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Business Students Enhance Learning 6,000 Miles From Home

July 12, 2017
Romanian Salt Mine

Professor Randolph Wilt, Human Resources Management Program Director and Program Director of International Business, accompanied 21 Business students to Eastern Europe this past May.

“We visited Hungary (Budapest), Romania (Oradea and Cluj) and Austria (Vienna),” Wilt said. “This is our first time to take students to these countries; however, I have taught at Emanuel University of Oradea in Romania for the past four years.”

The purpose of the trip is to introduce students to international culture, especially that of Eastern Europe and former communist countries.

“They met students their same age and spent time getting to know them to see their similarities and differences,” Wilt said. “They visited Romanian and Hungarian companies and organizations and saw how they operate similarly and differently from companies in the U.S.”

Hungarian ParliamentJustin Baldwin, one of the students that took the trip, said he is now able to see the world in a bigger-picture sense.

“Through traveling internationally, I have realized that many of my problems and stressors back home do not really matter when I am living in the moment in another country,” Baldwin said.

“It has made me wonder why I was ever worried and stressed about them in the first place. Visiting Emanuel University taught me the value of warmth by showing me a lifestyle where greeting others with friendly smiles and engaging with one another on a personal level is the social norm.”

Spencer Lee, another one of Wilt’s students, expressed that the travel course was a huge growing opportunity for him.

“While there are obvious cultural differences that I noticed, what stood out to me most is the ways in which we are all alike,” he said. “Regardless of your upbringing, everyone wants to fit in and be loved, and everyone wants to be successful and healthy.”

Wilt echoed Lee’s sentiments.

Romania “How similar, but how different!” he exclaimed. “We take so much for granted being Americans that these Eastern European students do not have and do not have access to. They see us and want much of what is offered to us in our society and what we have access to in terms of employment and education.”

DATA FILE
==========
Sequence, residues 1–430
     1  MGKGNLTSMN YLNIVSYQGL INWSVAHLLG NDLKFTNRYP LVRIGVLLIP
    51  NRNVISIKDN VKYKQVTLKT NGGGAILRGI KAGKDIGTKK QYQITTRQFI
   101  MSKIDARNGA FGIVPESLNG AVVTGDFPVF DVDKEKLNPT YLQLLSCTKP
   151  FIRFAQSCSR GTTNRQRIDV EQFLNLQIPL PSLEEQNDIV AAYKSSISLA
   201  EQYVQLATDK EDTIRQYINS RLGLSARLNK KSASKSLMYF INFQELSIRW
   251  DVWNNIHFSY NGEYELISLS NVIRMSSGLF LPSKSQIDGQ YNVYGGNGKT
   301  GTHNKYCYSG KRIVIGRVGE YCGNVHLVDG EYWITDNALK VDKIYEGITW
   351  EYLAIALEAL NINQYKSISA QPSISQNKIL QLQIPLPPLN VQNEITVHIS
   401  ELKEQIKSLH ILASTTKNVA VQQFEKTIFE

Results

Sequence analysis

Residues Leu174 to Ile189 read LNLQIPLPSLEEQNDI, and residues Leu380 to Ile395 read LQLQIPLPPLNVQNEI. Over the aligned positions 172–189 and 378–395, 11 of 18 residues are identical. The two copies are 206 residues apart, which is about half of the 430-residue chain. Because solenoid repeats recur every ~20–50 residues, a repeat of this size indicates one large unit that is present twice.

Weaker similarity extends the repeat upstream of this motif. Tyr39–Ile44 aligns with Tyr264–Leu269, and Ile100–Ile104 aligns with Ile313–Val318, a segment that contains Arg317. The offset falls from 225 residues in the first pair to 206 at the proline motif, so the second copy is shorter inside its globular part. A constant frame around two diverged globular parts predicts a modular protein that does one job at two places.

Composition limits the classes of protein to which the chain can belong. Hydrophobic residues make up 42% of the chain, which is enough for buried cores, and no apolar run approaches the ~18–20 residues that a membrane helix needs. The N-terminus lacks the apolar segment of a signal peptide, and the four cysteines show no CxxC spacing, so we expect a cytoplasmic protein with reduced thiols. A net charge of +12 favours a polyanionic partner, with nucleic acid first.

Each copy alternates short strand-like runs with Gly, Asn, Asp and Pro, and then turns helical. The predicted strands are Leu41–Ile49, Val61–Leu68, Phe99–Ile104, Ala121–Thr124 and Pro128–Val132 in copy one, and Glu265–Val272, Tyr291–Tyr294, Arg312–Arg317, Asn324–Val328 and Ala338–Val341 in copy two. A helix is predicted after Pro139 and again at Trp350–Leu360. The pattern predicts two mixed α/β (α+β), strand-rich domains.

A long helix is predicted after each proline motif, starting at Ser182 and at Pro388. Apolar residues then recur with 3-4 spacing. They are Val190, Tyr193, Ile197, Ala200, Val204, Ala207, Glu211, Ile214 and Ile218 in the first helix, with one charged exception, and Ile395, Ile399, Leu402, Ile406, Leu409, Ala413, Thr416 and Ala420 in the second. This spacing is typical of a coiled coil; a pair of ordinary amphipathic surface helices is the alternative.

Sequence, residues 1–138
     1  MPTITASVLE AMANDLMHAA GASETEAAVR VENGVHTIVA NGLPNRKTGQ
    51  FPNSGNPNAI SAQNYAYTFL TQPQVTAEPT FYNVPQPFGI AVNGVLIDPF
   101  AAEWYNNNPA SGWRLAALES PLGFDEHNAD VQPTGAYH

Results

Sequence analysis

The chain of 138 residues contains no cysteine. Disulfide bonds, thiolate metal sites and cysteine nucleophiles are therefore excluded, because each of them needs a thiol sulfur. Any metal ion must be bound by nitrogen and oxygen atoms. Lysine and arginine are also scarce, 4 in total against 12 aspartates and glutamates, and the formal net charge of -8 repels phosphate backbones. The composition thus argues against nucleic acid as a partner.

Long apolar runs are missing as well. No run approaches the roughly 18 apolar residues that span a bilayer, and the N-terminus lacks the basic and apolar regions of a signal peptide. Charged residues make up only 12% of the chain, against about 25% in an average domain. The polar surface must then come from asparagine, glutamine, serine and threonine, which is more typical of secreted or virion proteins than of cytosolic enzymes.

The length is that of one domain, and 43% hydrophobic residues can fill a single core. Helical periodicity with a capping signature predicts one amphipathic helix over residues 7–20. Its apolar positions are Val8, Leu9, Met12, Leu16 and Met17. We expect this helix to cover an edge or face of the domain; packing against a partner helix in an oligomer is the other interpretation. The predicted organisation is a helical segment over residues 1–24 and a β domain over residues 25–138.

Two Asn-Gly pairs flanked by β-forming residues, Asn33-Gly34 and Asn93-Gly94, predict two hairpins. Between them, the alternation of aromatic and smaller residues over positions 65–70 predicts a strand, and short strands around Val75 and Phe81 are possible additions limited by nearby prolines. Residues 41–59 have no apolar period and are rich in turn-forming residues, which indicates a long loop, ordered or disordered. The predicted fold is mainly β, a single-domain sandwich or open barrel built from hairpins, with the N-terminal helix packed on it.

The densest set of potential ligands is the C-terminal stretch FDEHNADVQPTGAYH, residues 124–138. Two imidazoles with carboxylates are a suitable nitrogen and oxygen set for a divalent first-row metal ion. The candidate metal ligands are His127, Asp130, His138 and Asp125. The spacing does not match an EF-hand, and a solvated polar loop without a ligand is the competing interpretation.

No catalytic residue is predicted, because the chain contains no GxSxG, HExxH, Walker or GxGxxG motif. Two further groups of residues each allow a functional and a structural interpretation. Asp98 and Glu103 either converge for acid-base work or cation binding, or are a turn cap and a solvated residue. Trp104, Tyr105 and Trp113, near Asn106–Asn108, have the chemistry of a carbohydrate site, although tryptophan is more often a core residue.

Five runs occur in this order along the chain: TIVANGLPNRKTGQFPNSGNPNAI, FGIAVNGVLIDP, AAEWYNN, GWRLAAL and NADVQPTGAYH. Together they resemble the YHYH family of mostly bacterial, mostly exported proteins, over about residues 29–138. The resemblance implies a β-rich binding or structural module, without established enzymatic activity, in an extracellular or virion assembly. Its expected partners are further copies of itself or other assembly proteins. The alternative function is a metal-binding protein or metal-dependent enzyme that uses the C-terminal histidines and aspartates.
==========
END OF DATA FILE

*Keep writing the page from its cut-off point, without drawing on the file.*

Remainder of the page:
Wilt was impressed by his student’s approach to those from different cultures.

“All of the students were fun, engaging and very accommodating and respectful to our host,” Wilt said. “They did an awesome job representing Concordia to the Romanian university, and the many companies we visited in Hungary and Romania.”

Student Jazmine Escobedo-Olivas said one of her favorite insights was observing the open relationship people have with God.

“No matter what religion, God’s love is shared everywhere around the world,” she said.

BridgeAccording to Wilt, one of the biggest things he was able to teach was the fact that the world is so much bigger than just Austin and just how different lives can in other parts of the world.

He said that the students’ perspectives on the definition of meaningful work has changed and that they collectively realized they can make a difference regardless of the size of the cities or countries they work in.

“I have grown into a new person and I urge anyone with opportunity to go abroad to seize it with the upmost confidence,” Brittany Roach, another student traveler, said. “It will change your life.”

Wilt said he will continue to take future students to the same countries since they give a great representation of the differences between our culture and those of different economic, sociologic and past political affiliation.

“Plus, Eastern Europe is very different than the Western Europe that most students are aware of due to previous travels,” he added.